Lately I've seen a lot of over-sized tablets prepping to trick their way into the market. These are tablets with screens all the way up to 27 inches (such as the Lenovo YOGA Home...which is actually a special convertible that can switch between desktop and tablet mode).
When I first pondered the idea of these devices, I thought certainly they were destined for failure. A 27 inch tablet is far less than portable and tablet sales are already reaching record lows. No one wants to lug something that size around from meeting to meeting and it's heft would defeat any possible path to mobility it could offer. Add to that, most of the media are at odds with exactly what purpose these devices could possibly serve. In fact, you'd be hard pressed to find anyone saying these over-sized tablets were good for nothing more than consuming media.
After much consideration, I've decided those early conclusions are very, very wrong. To prove that point, I would ask you to consider just about any given sci-fi movie (or television show) set in the future...especially those that take place in space.
Picture this: A commander and his officers gathered around a table, discussing tactics for escaping a rather treacherous situation. The commander taps the top of the table to open a screen displaying their ship and the surrounding "big bad". Based on the information displayed before the crew, they can map out a course of action (each crew member interacting with the screen to help with the grand SOS).
Now, imagine you're in a meeting with your staff. On the table before you is a Lenovo YOGA Home displaying a new network layout. You (or anyone) can tap and edit the pieces that comprise the network; no need for a white board, no need to manage that meeting with a laptop projected onto a screen. Instead of one person being able to interact with the displayed information, many can do so.
But these devices shouldn't be considered just for meetings. I've held very strongly to the idea that the touchscreen desktop was a complete waste of ergonomics. By constantly reaching out toward the screen, your shoulders run the risk of fatigue. And for graphic designers, that position simply doesn't work. What if, however, that touchscreen desktop laid flat in front of you? All of a sudden, your literal desktop has become an interactive surface. To up the ante even further, devices like the YOGA Home have a built in battery; so you could move that "desktop" from location to location (even though the purported battery life is a scant 3 hours). From a seated desk, to a meeting room, to a standing desktop, to another location altogether, the Home could easily become the device for transitioning between meetings and work and back again.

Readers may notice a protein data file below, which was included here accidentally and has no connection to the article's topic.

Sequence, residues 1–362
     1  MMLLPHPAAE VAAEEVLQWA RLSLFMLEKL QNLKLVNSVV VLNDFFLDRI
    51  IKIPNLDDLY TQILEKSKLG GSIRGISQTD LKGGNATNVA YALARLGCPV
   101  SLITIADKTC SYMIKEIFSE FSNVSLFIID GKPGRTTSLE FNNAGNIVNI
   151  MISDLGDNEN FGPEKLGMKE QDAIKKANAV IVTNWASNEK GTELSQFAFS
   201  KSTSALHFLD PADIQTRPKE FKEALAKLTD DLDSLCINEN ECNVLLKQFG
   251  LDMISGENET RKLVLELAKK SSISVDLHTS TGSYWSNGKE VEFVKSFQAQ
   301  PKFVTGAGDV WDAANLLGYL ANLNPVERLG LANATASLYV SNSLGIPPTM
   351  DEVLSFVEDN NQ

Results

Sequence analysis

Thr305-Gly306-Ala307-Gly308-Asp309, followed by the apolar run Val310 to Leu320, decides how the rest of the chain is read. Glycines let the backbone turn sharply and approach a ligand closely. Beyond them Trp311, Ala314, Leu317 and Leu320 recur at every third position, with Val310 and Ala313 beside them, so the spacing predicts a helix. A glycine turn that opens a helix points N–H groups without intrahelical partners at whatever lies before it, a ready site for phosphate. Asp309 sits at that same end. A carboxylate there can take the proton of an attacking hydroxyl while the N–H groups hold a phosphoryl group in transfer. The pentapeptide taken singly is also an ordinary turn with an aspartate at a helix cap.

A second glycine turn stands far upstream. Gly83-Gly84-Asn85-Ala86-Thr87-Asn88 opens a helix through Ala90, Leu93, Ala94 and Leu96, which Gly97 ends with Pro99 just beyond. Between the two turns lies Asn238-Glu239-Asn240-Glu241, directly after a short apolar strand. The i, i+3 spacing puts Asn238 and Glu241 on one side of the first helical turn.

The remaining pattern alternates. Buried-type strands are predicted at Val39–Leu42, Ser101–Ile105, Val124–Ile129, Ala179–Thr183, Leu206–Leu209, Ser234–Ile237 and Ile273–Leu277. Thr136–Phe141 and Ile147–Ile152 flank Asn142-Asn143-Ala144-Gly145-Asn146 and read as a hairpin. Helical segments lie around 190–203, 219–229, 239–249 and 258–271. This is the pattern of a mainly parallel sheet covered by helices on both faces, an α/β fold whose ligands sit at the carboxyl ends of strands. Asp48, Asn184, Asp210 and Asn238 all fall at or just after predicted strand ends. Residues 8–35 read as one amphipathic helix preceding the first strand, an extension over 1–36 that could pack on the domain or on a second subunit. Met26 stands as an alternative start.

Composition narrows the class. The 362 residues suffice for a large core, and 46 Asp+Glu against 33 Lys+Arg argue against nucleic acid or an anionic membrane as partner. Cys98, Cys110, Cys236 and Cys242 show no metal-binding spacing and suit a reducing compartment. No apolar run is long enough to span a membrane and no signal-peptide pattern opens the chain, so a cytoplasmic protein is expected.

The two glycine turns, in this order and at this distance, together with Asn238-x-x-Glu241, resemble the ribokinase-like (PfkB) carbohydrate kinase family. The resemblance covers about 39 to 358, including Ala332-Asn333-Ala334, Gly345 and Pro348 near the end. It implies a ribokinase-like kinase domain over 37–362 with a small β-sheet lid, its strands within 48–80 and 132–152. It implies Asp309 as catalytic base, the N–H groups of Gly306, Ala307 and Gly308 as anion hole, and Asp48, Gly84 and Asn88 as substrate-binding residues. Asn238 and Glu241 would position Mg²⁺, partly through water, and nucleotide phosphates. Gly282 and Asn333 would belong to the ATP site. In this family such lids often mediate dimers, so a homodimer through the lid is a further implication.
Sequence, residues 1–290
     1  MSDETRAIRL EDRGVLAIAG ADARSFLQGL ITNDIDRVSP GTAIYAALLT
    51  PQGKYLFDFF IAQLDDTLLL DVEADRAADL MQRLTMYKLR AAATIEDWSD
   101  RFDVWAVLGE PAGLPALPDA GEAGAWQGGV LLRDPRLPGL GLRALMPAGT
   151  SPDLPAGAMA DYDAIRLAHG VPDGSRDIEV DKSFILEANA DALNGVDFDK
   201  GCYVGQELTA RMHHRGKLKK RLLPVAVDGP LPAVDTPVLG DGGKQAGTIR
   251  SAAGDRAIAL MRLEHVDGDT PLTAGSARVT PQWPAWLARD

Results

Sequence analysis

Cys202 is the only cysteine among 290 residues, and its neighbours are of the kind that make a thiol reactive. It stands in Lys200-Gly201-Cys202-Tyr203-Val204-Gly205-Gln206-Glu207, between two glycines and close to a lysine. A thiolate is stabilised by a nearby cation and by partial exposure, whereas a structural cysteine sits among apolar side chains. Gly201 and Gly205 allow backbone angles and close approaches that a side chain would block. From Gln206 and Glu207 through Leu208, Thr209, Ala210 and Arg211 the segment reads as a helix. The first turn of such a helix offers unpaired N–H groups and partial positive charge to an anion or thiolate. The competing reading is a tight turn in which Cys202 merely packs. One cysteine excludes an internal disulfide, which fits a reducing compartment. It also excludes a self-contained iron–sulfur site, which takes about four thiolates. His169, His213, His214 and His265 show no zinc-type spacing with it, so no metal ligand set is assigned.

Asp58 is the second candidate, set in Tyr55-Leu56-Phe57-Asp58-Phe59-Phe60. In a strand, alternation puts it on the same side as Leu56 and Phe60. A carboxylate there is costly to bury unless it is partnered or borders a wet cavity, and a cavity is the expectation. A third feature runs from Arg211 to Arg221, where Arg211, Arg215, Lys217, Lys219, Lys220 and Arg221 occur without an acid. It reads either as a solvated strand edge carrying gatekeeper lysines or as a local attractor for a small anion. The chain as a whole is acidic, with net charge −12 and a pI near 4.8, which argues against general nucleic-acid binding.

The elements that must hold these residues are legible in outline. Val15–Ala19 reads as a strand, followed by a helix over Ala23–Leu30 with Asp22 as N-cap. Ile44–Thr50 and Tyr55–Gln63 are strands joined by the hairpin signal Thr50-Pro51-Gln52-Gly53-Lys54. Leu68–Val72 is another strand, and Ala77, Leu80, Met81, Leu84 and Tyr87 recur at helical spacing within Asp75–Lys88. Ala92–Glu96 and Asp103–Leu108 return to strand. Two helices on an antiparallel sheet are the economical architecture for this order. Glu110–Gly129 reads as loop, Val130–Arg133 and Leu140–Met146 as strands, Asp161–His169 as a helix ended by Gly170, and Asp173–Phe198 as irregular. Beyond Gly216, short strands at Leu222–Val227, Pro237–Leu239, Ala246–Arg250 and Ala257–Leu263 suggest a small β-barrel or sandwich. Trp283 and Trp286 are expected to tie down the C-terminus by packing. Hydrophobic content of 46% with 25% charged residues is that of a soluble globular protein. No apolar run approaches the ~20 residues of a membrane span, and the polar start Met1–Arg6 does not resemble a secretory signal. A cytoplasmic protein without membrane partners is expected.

There is one factor to these devices that will keep them from being as mobile as you might like. Weight. The YOGA Home tips the scales at nearly 17 pounds. Remember, however, that's a 27 inch screen. You could go for the much "smaller" device (such as the Samsung Galaxy View Tablet which has yet to have a confirmed weight, but it will be significantly less than the YOGA) and enjoy a level of portability the more massive devices won't have. However, even at 17 pounds, you could still easily move the YOGA Home about.
Even with the weight, these over-sized tablets could easily serve a much grander purpose than the simple viewing of multimedia. We're effectively talking about a portable, standard sized monitor with a built in platform capable of getting real work done in almost any configuration. This could be a boon for those who want the convenience of a tablet, but feel hindered by the small screens.
I firmly believe these over-sized tablets are the next step in PC evolution. This is especially important considering how sharply tablet sales have dropped. This new form factor will finally bring the tablet and touchscreen interface to a usable form on the desktop and even add a level of mobility to the "desktop" mix.
What do you think about these "Destablets"? Are they the "next step" or will they wind up fading into irrelevance faster than you can say "convergence"?
Jack Wallen is an award-winning writer for TechRepublic and Linux.com. He’s an avid promoter of open source and the voice of The Android Expert. For more news about Jack Wallen, visit his website jackwallen.com.